The Tana River Delta (130,000 ha) is one of the most important wetlands in Africa. It lies on the Kenya coast between Malindi and Lamu. The delta is the second most important estuarine and deltaic ecosystem in Eastern Africa and a Key Biodiversity Area. Recognition of the delta as an Important Bird and Biodiversity Area (IBA) and a designated Ramsar site further underscores the ecological importance of this ecosystem. (A Ramsar Site is a wetland site designated of international importance under the Ramsar Convention.)
The delta supports a number of endangered primate, marine turtle and plant species as well as rare fish, amphibians and reptiles. A vast number of migratory and resident waterbirds are dependent on seasonally flooded grasslands and Borassus palm savannah that covers some 70,000 ha in the heart of the Tana Delta. The delta’s mangrove forests provide important spawning grounds and nurseries for fish and shellfish.
The delta is also a source of livelihood for communities, providing dry season grazing areas, fertile farmlands and rich fishing grounds. Despite its immense importance, the delta is threatened by resource use conflict between pastoralism, farming and conservation.
Nature Kenya in 2011 led a collaborative effort of various stakeholders in the development of a Tana River Delta Land Use Plan that was guided by a Strategic Environmental Assessment. The process was concluded in 2015. The land use plan has since been approved and adopted as a policy by the Lamu County government. In May 2016, the Tana River Delta Land Use Plan won the Royal Town Planning Institute’s International Award for Planning Excellence.
The land use plan seeks to promote a balance in the use of the delta. It involves regulated access, wise use and improved rangeland management that will lead to improved sustainable livelihoods, security and equity, and biodiversity conservation. The success of the award-winning land use plan is dependent on its effective implementation. Implementation includes enhanced capacity of government, communities and the private sector to drive policy change, and to balance the rights, responsibilities and benefits of sustainable land management and conservation.
Nature Kenya has now moved to the implementation phase of the Tana Delta Land Use Plan. This is made possible with funding from the Darwin Initiative for a project called “Balancing water services for development and biodiversity in the Tana-Delta”. The four-year project started in April 2017 and will end in March 2021. It promotes the Community Conservation Areas (CCAs) approach which is perhaps the most practicable way in which Kenya’s vast natural resources can be conserved and a pathway out of poverty for the poorest of the population. This approach puts Kenya on course to deliver both key articles of the Convention on Biological Diversity and also many of the Sustainable Development Goals.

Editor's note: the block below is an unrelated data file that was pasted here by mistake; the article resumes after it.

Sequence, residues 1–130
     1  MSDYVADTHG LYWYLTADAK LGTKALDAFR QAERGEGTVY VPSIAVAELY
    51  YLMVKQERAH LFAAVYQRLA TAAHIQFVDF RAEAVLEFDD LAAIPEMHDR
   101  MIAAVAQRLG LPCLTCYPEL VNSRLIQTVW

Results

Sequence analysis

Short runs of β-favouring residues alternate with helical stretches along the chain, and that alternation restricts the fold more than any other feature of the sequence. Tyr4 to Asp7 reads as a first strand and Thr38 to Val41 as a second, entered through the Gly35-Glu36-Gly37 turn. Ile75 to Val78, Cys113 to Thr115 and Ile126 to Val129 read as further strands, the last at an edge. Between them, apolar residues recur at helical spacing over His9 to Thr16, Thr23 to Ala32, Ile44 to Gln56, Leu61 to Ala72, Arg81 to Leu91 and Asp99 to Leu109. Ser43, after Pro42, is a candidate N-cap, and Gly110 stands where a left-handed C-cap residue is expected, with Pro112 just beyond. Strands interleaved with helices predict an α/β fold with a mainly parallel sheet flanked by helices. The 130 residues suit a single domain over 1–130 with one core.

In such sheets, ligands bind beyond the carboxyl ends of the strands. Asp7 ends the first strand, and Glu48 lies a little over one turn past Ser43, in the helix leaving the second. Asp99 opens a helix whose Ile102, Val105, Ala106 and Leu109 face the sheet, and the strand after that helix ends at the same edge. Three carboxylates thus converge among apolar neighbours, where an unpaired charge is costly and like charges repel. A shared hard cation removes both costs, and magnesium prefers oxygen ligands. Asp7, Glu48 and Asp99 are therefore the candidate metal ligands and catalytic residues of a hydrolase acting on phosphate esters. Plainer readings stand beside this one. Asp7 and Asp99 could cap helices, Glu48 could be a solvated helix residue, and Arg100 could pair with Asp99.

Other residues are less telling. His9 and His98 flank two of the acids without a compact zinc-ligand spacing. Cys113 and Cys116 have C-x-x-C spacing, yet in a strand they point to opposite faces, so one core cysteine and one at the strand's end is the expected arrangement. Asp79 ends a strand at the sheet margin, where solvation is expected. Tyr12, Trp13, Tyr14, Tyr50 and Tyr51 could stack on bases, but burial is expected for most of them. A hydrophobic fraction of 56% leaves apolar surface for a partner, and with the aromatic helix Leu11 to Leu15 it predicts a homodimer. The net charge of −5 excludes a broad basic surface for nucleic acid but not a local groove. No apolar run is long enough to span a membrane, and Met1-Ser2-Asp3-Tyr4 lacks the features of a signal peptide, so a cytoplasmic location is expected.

The project’s overall objective is to support 45 villages and two County Governments to balance water use for development and biodiversity by establishing a community conservation area of over 95,200Ha at the Tana River Delta. The desired outcome is to demonstrate how communities and county governments can use natural resource governance to reduce conflict amongst communities and conserve biodiversity. Key activities for the project include an ecosystem services assessment for the CCA, livelihoods activities targeting 200 households within the CCA, and establishment of a community led governance structure for the CCA. Conservation areas within the CCA will be identified and management plans developed in consultation with all stakeholders. The project also seeks to explore sustainable financing options to generate carbon-credits and expand incipient ecotourism ventures to complement the Tana River and Lamu County Governments’ revenues.
The project will directly benefit 35,000 and indirectly benefit 120,000 people dependent on the Tana Delta. In the long term it will benefit 1.12 million people, as the Government of Kenya plans to replicate the Land Use Plan process at Yala Swamp, Lake Naivasha, Lake Turkana, and the Nyando and Nzoia River Basins.
The project implementation partners include the Tana Delta Conservation Network (TDCN) and Tana Planning Advisory Committee (TPAC), who are local beneficiaries. These two partners act as grassroots agents for change towards sustainable land management; and also the ‘voice of communities’ for engaging and negotiating with the county governments, national government and other partners. Other local partners include Community Forest Associations (CFAs), Water Resource Use Associations (WRUAs) and Beach Management Units (BMUs).